For some, healthcare is provided via insurance and not through the US military. Whilst it may cover regular GP visits, A&E and other pre-approved treatments, there may be no provision for well woman check-ups. Lots of things are excluded or regarded as pre-existing, so it’s vital to provide a full disclosure on your health forms. When it comes to finding a doctor/dentist/optician, you can shop around using an app to see who is contracted with your insurer, what services they provide and how they are rated.
Welfare and culture
Despite being in an English-speaking country, many families feel like the locals speak a different language. Other British service families and familiar infrastructure may not be close at hand.
Posted to: The Army War College, Carlisle, Pennsylvania
“Having the opportunity to live abroad as a family and spend some much-needed time together following a busy period and some unaccompanied time is a blessing. This opportunity came at exactly the right time for us as a family.”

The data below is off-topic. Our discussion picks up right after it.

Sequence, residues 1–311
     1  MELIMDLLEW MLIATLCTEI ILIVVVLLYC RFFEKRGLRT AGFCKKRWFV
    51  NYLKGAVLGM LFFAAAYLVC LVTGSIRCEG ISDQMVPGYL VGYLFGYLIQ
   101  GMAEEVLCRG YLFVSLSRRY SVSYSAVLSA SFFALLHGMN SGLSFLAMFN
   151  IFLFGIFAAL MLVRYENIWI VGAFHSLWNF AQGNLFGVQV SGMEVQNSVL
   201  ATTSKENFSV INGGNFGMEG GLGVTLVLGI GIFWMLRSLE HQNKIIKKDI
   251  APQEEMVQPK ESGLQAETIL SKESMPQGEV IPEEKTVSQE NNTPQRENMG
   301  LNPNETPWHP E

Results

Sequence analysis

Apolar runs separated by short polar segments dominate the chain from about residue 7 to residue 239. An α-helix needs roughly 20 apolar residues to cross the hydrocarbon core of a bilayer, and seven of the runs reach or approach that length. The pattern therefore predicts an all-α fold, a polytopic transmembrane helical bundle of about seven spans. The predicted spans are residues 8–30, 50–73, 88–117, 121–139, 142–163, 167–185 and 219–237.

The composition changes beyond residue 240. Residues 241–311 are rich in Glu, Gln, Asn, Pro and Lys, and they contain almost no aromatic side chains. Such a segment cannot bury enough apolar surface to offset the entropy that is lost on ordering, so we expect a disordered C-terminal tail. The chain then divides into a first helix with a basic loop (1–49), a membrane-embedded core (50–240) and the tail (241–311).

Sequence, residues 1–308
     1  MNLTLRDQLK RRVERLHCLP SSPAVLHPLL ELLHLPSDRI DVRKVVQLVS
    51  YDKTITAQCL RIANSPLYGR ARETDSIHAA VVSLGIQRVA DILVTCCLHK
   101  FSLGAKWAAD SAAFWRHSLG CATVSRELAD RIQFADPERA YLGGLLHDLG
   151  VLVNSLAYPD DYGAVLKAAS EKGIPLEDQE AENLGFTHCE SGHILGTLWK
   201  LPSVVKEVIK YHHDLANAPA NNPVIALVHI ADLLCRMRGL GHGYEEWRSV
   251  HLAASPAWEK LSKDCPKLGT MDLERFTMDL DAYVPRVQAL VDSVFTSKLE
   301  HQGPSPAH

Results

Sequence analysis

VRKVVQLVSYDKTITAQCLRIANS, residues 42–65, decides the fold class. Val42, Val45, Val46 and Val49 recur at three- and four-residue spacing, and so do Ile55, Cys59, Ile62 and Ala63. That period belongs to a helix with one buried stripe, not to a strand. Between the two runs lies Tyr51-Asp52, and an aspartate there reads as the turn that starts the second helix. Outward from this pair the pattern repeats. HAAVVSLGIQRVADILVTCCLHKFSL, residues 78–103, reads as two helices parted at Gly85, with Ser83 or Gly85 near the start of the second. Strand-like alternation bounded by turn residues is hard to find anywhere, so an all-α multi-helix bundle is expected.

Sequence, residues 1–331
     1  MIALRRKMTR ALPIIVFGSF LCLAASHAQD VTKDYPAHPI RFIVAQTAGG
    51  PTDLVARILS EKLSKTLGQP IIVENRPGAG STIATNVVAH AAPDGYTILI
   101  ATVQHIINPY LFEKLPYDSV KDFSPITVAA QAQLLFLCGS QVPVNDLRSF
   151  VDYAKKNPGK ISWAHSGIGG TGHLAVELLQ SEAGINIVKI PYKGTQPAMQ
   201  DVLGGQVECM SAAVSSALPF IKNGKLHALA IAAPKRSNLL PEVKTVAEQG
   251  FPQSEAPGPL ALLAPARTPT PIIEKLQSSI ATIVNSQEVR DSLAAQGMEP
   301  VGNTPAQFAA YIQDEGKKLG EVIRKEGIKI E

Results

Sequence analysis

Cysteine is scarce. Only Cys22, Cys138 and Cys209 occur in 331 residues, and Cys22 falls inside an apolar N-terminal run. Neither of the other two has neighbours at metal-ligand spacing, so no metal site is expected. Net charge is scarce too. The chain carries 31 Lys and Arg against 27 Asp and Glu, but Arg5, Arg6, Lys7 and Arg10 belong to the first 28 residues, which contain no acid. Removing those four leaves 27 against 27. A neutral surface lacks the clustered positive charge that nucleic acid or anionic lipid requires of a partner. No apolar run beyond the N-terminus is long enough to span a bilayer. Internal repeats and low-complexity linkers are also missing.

Moving to a small town from London was a challenge, but it has been amazing. There was a huge amount of paperwork and we were charged £2,500 for excess storage in the UK, but we challenged and resolved this.
Both Annabelle and Nicholas attend local schools as we wanted them to have the full American experience. We requested that they were put into the grade above. Class sizes are smaller, the teachers seem excellent and the children are happy.
Finding a home
The main factor was school catchment areas. We found the army housing website very useful.
As a reservist, I’ve been fortunate to secure work through the British Embassy. Many other spouses take the opportunity of a sabbatical or to study. Through a local college spouses can access free courses. The community seems to be very active and there’s a great youth service on camp. For spouses there’s lots on offer – hiking, tennis, biking to name but a few.
It’s provided on camp and is very efficient. Annabelle needed physical therapy and was seen within a week.
As part of our welcome, all the international families were invited to travel with the students to Philadelphia and to Washington DC. We were taken to a baseball game and to Hershey Park (think Alton Towers in chocolate) – it was an excellent introduction to the USA.
Posted to: New York
“Life in New York is both familiar and totally foreign. With Romilly at boarding school for half of the year, it’s proving slower to adjust. I feel at a bit of a loose end without a job, but being part of the UN and UKMIS community has enabled us to have some amazing experiences and meet wonderful people.”
Doing the homework